Indonesia looms as a tough FDI competitor

December 19, 2011 | 10:00
Indonesia may overshadow Vietnam in wooing more foreign direct investment.

Vietnam needs to heat up its investment climate to remain an attractive target

EuroCham chairman Alain Cany said European investors considered Vietnam less attractive than Indonesia.

“Investors are stunting their investment in Vietnam, because they are concerned about Vietnam’s macroeconomic woes. Meanwhile, Indonesia is becoming a good destination for them as its business climate has recently improved,” Cany said.

The EuroCham’s fifth quarterly Business Climate Index Vietnam survey, conducted in early October 2011 over nearly 200 European firms in Vietnam, showed that European firms’ business confidence and outlook in Vietnam continued to fall for a fourth consecutive quarter to 50 points, from 79 points of total 100 points in the year’s first quarter to 70 points in the second quarter and 63 points in the third quarter.

Meanwhile, the European Business Chamber of Commerce in Indonesia’s Indonesian Country Report for 2011’s third quarter issued last month said: “The recent visits of numerous senior European company representatives and surge in foreign investment indicate that Indonesia is becoming a priority country, for the European companies, mainly due to a massive consumer market, but also as a production hub for ASEAN and greater Asia. There are still abundant opportunities for European business in Indonesia.”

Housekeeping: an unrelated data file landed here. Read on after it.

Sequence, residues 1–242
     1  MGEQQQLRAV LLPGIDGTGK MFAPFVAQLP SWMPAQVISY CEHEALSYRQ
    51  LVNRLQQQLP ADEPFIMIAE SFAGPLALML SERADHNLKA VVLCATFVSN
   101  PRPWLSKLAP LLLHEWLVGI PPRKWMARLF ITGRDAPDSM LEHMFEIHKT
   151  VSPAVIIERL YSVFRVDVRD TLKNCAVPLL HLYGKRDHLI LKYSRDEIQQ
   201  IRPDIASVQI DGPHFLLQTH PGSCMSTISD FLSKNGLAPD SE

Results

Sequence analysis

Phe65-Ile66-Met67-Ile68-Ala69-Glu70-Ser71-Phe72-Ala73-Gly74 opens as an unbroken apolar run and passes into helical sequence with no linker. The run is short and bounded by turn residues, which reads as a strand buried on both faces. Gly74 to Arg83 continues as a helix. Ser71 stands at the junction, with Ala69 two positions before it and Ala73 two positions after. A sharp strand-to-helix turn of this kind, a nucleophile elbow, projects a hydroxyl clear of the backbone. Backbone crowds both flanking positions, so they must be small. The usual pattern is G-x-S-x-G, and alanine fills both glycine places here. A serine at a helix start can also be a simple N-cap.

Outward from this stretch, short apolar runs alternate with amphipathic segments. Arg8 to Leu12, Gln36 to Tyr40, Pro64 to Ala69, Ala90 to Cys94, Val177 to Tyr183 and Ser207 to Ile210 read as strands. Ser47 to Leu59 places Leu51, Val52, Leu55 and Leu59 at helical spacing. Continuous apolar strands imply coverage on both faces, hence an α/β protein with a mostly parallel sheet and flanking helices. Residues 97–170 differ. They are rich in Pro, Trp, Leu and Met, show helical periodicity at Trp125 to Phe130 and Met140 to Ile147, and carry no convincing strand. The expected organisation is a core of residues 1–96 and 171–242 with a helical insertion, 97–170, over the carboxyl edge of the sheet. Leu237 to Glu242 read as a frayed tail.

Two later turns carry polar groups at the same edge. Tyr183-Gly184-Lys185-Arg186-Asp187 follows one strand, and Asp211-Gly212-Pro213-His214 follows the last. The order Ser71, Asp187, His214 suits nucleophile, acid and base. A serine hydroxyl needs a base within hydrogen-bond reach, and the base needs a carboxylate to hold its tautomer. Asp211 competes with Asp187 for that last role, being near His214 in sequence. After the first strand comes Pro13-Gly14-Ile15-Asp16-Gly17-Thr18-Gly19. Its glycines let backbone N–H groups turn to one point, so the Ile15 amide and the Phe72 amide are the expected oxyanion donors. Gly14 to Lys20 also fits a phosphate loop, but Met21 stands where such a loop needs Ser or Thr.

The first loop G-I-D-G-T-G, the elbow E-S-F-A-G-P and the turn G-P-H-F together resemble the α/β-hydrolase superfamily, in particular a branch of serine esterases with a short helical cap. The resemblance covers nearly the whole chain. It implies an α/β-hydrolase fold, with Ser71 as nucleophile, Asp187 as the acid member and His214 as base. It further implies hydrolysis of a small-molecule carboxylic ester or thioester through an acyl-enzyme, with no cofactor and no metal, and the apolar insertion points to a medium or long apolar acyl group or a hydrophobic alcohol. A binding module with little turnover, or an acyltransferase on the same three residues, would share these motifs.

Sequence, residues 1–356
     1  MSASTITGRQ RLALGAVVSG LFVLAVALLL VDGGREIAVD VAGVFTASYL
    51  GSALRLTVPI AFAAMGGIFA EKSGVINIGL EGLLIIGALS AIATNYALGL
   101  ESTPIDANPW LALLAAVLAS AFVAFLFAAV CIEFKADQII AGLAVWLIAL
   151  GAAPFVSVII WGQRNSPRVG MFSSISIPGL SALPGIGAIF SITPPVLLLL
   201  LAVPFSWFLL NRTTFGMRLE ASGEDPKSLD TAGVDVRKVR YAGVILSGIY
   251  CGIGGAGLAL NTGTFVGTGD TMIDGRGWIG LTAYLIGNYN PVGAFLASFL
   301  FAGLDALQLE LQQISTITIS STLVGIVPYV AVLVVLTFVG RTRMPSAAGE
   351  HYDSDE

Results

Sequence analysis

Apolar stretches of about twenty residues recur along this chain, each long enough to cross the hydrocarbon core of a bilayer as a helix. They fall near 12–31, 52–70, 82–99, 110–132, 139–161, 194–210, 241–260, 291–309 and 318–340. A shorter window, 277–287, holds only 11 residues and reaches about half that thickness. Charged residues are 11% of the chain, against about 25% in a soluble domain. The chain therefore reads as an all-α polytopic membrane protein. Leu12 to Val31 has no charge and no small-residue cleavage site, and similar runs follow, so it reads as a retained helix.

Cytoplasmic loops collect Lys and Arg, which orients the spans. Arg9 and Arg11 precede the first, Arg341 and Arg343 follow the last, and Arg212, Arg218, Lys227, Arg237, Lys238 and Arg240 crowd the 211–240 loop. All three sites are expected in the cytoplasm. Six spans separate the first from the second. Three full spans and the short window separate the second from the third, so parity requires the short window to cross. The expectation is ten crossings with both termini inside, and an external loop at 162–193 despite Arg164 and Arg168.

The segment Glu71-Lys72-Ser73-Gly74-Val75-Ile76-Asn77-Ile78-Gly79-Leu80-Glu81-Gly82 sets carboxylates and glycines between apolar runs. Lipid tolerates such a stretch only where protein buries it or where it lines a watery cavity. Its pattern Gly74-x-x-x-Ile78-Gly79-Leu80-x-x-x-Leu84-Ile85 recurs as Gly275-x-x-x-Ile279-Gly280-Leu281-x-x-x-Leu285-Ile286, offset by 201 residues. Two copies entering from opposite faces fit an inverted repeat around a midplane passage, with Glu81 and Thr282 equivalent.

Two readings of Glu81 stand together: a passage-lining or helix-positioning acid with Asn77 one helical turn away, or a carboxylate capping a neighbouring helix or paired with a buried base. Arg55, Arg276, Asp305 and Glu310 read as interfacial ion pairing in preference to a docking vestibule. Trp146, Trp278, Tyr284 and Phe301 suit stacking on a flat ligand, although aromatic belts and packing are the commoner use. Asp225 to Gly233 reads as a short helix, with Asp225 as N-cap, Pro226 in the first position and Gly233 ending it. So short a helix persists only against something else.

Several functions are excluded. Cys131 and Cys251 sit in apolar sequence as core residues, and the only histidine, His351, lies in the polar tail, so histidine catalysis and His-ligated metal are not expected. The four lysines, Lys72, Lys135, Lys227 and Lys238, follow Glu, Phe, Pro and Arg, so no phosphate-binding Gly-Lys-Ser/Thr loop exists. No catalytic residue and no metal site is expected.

Mayu Morimoto, general director of Japanese-invested Accord Biz, told VIR Vietnam faced stiff Indonesian competition in attracting foreign direct investment (FDI), particularly Japanese capital.

She, who is an investment lawyer providing legal consultations to Japanese investors, noted that in the recent decade, Vietnam experienced some obstacles resulting in the withdrawal of some Japanese investment.

Some examples were the breakout of malicious diseases as SARS and bird flu, electricity shortages causing countless blackouts, and factory workers’ illegal labour strikes preventing the smooth operation of businesses and causing many headaches for Japanese manufacturers in Vietnam, she said.

“Due to the recent natural disaster in Japan and Thailand, Japanese companies have started to consider shifting more towards other countries, namely Vietnam and Indonesia as potential destinations for investment,” she said.

“However, through our recent experience, Japanese companies are now taking much higher considerations of the country risks and region risks when assessing investment in a certain country. Considering such risk factors, Vietnam is definitely not an exception,” she said.

Cany forecast Vietnam might see FDI disbursement of $10 billion in 2012, down from this year’s $11 billion due to the world’s expected gloomy economic situation and foreign investors’ sinking confidence in Vietnam.

“Vietnam’s investment disbursement in 2011 is still fine. But I am afraid that in 2012-2013, it would be more difficult, because the FDI commitment is slowing down significantly,” he said.

But Deepak Mishra, lead World Bank economist in Vietnam, said the country remained an attractive destination for FDI, especially flows from the Eastern Asian and South East Asian region.


By Thanh Dat

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